St. Joseph's Church (2nd generation) [1876-1967]

Submitted by annelisec on Thu, 02/18/2010 - 22:51
Current condition
Demolished / No longer exists
Date completed
Date closed / demolished

1872, November 30    blessing of St. Joseph's Church, Garden Road,

1874, September 22 - destroyed by typhoon

1876 - rebuilt

1879 March 17 - St. Patrick's Hall, at St. Joseph's Church - Opening Day.

Previous place(s) at this location

Photos that show this Place


One of the Colony's best-known places of worship is St. Joseph's Church in Garden Road. The present building has a history which actually commences in  1876 when the structure was rebuilt but the foundations of the Church; were laid some years earlier in 1871 The disastrous typhoon 1874 practically destroyed the building when it had been in use for less than two years, and its reconstruction became necessary. Old files give us a record of the opening of the first St. Joseph's Church towards the end of 1872, and I take the following from a contemporary account.


On Saturday November 30, 1872, the Church was opened by a special service at half past three in the afternoon, A large number of people were present, among whom were noticed the Acting Chief-Justice,. Judge Ball,and Mr. Overbeck, Austrian Counsul. The service was impressively conducted by monseigneur Colomber, Bishop of Saigon, and in the course of it the very Rev. Fr. Raimondi delivered an eloquent address 'He said it was just a year and five days since they had met upon the spot, and the work which they then commenced was now. Completed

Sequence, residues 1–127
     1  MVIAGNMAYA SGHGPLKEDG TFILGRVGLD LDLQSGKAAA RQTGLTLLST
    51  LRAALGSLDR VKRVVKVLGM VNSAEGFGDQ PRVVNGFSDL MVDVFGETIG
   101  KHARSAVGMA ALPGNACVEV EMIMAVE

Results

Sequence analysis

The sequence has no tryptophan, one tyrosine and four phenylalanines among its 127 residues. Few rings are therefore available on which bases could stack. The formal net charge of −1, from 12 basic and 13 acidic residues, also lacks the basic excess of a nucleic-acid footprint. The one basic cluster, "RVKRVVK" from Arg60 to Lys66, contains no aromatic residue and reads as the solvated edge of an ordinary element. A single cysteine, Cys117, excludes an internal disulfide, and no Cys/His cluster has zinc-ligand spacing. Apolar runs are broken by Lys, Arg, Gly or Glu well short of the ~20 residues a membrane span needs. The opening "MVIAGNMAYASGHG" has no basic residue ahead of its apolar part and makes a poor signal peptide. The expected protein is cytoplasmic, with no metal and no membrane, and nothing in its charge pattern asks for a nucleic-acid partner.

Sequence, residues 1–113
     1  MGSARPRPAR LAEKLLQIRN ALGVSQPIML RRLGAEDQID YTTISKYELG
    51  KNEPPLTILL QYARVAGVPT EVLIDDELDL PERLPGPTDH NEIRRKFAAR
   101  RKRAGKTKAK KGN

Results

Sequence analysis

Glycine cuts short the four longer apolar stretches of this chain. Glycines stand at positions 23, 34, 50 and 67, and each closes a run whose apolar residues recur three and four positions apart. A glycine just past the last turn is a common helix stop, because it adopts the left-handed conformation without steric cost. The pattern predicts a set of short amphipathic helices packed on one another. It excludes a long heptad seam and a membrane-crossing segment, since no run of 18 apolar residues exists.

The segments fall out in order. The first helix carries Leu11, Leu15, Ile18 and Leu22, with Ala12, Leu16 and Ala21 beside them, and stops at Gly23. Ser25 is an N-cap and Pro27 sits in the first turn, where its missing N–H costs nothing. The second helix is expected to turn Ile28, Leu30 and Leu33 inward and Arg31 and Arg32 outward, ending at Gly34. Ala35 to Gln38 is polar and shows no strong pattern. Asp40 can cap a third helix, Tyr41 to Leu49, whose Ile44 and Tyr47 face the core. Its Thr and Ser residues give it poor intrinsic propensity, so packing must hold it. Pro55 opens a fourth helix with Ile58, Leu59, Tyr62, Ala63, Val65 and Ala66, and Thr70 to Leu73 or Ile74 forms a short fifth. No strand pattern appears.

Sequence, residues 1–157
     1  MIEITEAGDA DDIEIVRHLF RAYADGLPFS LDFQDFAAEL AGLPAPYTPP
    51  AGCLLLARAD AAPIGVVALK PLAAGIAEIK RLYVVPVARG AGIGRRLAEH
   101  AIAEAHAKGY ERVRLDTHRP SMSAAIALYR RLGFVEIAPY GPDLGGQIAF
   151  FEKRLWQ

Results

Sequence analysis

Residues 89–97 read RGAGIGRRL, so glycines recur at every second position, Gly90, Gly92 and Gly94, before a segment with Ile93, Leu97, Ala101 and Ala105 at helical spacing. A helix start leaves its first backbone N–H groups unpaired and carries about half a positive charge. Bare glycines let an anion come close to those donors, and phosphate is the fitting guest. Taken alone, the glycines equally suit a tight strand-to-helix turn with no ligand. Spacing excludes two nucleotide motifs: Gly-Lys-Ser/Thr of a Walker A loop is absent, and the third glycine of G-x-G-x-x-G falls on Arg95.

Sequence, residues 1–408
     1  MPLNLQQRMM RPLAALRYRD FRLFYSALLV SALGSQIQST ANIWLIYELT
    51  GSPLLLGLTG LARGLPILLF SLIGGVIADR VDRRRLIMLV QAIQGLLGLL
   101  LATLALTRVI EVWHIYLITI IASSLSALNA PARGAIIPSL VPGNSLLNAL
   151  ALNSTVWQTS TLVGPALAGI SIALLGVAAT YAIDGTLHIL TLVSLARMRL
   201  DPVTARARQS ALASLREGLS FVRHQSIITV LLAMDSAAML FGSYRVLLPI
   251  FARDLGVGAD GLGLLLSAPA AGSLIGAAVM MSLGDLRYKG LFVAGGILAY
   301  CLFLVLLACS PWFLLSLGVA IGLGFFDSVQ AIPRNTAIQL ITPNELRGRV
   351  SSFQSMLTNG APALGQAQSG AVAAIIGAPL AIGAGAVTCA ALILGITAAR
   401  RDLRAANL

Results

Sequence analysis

The Church was not large, but was fully suited to the purpose for which it was designed, and he doubted not in the course of time it would be filled with beautiful decorations and figures. He congratulated those present heartily on the work. Without their aid it would have been impossible to complete it, and. he offered them his sincere thanks for what they had done. More was in fact due to them than to himself. He had hoped for many years to see-a second Catholic Church in Hong Kong, but although he had entertained this for fourteen years, he had, not before been able to carry it out. With only one Catholic Church it was difficult to supply the wants of the different nationalities in Hongkong. The Chinese were easily provided for by an additional chapel, but for the others another church had long been wanted. Year after year he had see this  project carried out, but until now they had remained without a church, and he was almost giving up his cherished hope when they had done what he could not do.


This Church he  added had been especially designed for the benefit of the soldiers, and was placed as near to them as. could be. It was impossible to express too highly the debt of gratitude which they. owed to the Government and other for the aid which had been granted, We might not be here very long but, wherever we might go, we should never forget those who laying aside all difference of belief had granted the place where the Church stood. He had not words enough to express his deep feeling of gratitude. That God might vouchsafe that their works should be prosperous, and grant them happiness in this world and salvation in that which is to come, would be his fervent hope.

Source: Old Hong Kong by Colonial Vol 1